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Acute Respiratory Distress Syndrome (ARDS): Diagnosis

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This information was reviewed and approved by James K. O'Brien, MD, FACP, FCCP (4/15/2020).

How is acute respiratory distress syndrome (ARDS) diagnosed?

A variety of diagnostic tests are used to help diagnose ARDS. These tests determine how well the lungs are functioning, rule out other conditions with similar signs and symptoms, and identify the source of the infection. Tests for acute respiratory distress syndrome can include imaging, blood tests, analyzing sputum (the mixture of saliva and mucous that is coughed up) identify possible sources of acute respiratory distress syndrome.

Chest X-rays show images of organs, tissues and bones in the chest area. It can show abnormalities including fluid or pneumonia in both lungs. Sometimes a patient with ARDS will be mistaken for having heart failure.

Blood cultures examine blood samples for infection caused by bacteria, yeasts, fungi and viruses. These tests identify the infection in the blood and help the doctor determine what is causing ARDS.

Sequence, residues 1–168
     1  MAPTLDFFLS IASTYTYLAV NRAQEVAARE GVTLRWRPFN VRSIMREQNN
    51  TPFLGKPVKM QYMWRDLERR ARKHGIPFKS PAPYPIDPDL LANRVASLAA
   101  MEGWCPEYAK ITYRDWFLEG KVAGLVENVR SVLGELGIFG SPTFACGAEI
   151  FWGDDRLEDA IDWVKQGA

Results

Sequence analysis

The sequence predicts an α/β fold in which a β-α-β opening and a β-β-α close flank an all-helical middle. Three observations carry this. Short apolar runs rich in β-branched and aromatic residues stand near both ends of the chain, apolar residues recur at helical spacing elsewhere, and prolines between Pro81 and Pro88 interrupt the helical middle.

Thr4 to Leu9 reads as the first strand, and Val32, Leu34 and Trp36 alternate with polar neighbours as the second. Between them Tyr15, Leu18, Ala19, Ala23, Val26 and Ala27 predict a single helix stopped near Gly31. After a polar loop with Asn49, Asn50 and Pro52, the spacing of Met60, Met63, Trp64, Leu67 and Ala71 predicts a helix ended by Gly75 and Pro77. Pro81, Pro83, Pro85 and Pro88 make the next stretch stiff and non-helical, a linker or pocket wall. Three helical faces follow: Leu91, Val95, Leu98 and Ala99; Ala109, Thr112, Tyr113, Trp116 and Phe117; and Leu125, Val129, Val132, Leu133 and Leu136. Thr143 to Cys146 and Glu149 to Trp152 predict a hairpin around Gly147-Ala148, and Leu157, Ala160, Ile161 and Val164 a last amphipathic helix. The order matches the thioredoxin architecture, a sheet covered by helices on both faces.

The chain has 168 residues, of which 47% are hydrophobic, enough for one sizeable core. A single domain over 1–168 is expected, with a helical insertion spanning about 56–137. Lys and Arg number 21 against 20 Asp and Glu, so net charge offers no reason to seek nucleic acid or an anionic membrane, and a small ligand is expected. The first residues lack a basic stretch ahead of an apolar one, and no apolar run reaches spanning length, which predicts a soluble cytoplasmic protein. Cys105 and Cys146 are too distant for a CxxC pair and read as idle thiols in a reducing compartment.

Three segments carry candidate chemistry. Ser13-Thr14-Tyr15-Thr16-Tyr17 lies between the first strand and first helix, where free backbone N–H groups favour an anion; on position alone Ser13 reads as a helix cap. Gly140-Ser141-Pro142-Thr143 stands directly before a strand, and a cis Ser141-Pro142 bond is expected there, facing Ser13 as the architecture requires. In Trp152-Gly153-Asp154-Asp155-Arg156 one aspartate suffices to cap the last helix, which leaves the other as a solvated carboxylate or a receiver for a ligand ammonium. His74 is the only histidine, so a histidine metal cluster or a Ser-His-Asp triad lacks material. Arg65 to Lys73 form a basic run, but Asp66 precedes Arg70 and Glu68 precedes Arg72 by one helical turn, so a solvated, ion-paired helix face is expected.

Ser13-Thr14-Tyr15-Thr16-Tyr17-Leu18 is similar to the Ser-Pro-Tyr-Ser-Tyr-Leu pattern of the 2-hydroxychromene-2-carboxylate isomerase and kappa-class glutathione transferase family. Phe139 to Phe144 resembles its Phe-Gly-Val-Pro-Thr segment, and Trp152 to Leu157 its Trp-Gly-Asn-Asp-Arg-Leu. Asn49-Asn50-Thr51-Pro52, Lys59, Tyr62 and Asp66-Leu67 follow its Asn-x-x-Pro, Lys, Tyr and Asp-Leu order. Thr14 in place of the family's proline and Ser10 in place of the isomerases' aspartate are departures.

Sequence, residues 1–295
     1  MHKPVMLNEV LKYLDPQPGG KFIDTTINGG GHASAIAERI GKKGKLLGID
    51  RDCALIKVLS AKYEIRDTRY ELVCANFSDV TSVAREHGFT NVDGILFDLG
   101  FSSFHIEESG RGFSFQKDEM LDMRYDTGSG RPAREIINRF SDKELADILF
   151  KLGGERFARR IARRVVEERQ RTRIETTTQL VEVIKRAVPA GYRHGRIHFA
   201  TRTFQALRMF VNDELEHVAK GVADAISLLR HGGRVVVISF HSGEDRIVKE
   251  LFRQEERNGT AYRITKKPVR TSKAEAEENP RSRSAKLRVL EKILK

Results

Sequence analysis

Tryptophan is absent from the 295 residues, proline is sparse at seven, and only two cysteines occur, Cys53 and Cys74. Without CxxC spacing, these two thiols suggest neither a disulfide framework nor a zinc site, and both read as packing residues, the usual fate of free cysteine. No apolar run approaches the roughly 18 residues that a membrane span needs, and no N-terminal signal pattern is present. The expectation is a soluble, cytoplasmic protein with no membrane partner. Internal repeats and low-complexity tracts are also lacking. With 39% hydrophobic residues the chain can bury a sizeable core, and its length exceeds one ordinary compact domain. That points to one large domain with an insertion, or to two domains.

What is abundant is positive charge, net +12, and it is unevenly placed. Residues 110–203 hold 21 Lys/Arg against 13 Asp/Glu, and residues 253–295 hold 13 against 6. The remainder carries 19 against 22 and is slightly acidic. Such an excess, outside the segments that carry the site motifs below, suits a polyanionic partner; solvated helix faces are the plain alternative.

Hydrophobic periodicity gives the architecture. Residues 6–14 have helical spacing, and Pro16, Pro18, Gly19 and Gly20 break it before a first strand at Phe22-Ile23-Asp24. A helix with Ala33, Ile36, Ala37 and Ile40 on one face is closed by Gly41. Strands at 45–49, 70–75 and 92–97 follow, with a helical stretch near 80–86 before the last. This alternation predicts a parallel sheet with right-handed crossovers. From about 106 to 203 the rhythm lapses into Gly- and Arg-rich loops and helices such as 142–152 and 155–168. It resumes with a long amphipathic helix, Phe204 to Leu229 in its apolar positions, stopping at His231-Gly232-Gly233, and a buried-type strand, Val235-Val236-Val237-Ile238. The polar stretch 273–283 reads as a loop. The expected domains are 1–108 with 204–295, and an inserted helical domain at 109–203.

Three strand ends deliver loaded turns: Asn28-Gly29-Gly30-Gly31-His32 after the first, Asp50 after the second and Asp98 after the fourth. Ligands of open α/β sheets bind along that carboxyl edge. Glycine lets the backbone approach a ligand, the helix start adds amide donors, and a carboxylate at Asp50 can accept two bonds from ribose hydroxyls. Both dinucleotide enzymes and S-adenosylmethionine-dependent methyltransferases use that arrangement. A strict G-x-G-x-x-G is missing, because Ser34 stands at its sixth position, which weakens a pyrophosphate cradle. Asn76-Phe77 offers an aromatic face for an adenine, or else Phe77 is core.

Blood gas tests show low oxygen levels in the blood. Sometimes the CO2 level will be low because the patient is hyperventilating to maintain their oxygen level. This test indicates how well the lungs are working.

Sputum samples look at the substance that is coughed up to help identify the infection. Sputum, also called phlegm, contains white blood cells, dead cells, foreign debris that’s inhaled, bacteria and other immune cells.

Computerized tomography (CT) scans take cross section images of the area around the heart and lungs to identify possible sources of acute respiratory distress syndrome.

Heart Tests can rule out certain heart conditions that can be mistaken for ARDs. An electrocardiogram (ECG) test measures the heart’s rhythm and activity. An echocardiogram uses ultrasound to show if the heart muscle and valves are working correctly.


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